Jr.

New User
i have been playing for like 9 months now, and started "serious lessons" about two months ago. it's pretty stupid since im 15 already. i would have loved to started earlier. i'm only 3.0, but ill manage to get on the school team at least. for a serious career, kids should start before 10.

but the bad part about is that i see that kids that start intense sports and workout at an early age tend to be short. As for me, i was a lazy boy who started sports around 13, and i'm 6'1". I must say that's pretty tall for a 15 year old asian. (not to be stereotypical, but asian are short)
 
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SATennis

New User
I wouldn't say kids that start intense sports tend to be short. I've been playing since I was 3, more intensly since about 7 or 8, and I'm 6'3''. You do have to be careful of the weight room at an early age. Lifting heavy weights when your body hasn't has a chance to develop can stunt your growth, but playing tennis seriously definitely will not.

Atatu, I would start your son now if he is interested. Make sure the pro keeps in competitive and FUN!! No matter how good he gets, it has to be fun between ages 7-13, otherwise there is a big chance of burning out. Hopefully it will be fun the whole time, of course. But after 12, if the kids are very keen to get better and make something of it, the hard core training can start.
 

jonajjs

Rookie
Yeah... start him as early as possible! I am 14 now and top 50 in the province...5.0 plus... but I play Monday,Tuesday,Wednesday,Friday,Saturday, Sunday... IMAGINE IF I STARTED AT 7!!!
 

xtremerunnerars

Hall of Fame
You do have to be careful of the weight room at an early age. Lifting heavy weights when your body hasn't has a chance to develop can stunt your growth, but playing tennis seriously definitely will not.
Playing contact sports is 10x more stressful on bones and growth plate areas than lifting weights. If you do it under the guidance of a certified professional, the stress on bones is even less. I really wish people would stop giving weights such a bad rep and idly passing on knowledge they've heard from people on message boards and their peers.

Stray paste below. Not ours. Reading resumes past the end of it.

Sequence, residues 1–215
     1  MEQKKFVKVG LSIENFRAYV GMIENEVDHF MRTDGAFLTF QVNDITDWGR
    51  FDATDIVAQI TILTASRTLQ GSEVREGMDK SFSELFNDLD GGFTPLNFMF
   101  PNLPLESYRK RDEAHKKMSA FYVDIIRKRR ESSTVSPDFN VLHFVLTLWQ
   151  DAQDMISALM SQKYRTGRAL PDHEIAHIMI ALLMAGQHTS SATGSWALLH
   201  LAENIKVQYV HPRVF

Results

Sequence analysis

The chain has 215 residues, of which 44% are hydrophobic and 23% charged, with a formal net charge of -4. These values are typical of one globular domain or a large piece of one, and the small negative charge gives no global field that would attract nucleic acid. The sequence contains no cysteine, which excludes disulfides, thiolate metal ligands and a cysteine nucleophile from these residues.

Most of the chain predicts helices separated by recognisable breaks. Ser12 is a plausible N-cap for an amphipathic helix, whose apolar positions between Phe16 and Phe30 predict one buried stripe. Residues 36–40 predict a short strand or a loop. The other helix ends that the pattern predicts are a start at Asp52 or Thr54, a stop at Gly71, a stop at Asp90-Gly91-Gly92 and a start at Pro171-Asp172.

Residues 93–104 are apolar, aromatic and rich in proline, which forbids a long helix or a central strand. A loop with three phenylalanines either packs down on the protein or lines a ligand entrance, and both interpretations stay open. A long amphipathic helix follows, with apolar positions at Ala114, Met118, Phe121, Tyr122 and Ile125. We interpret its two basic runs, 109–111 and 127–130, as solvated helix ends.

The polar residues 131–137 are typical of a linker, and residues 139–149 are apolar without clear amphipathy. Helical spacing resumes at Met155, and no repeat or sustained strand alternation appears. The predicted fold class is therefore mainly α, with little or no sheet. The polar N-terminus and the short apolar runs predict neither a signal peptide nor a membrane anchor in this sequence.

SATennis

New User
Playing contact sports is 10x more stressful on bones and growth plate areas than lifting weights. If you do it under the guidance of a certified professional, the stress on bones is even less. I really wish people would stop giving weights such a bad rep and idly passing on knowledge they've heard from people on message boards and their peers.
Me too. I wish people would stop making assumptions about the other people on message boards, thinking they know nothing about the subject and just idly pass comments without thought or research. Notice I stressed heavy weights. And last I checked, tennis was not a contact sport. Lifting HEAVY weights at a young age can stunt your growth. If it were under the guidance of a professional, he probably wouldn't be making someone under the age of 12 lift heavy weights. If it is a 12 year old tennis player, he shouldn't be lifting heavy weights anyway. I don't give weights a bad rep, I lived in the wieght room for many years while I was playing tennis, and the weight room is essential for top tennis players. But I would never recommend any tennis player younger than 12 to ever lift heavy weights. Light weight, plenty repetitions, why not. But at that age it will do a tennis player more good being on the court learning the skills of the game. Enough said!
 

GRANITECHIEF

Hall of Fame
24 for me. I just lost a practice match last nite to this guy:

http://www.atptennis.com/5/en/players/playerprofiles/playeractivity.asp?prevtrnnum=0&year=2004&query=Doubles&selTournament=0&player=W476&x=14&y=7

He beat me 6-4,6-2. I was up 3-1 about to break again in the 1st set when i did a snot rocket and got a nose bleed. It finally stopped, sorta, as there was a drip here drip there while i was trying to play. Needless to say, it was very hard to concentrate and i lost all my momentum. I'll beat him next time.

The point is, even if you started late, you can still get relatively good.
 

Kabob190

Rookie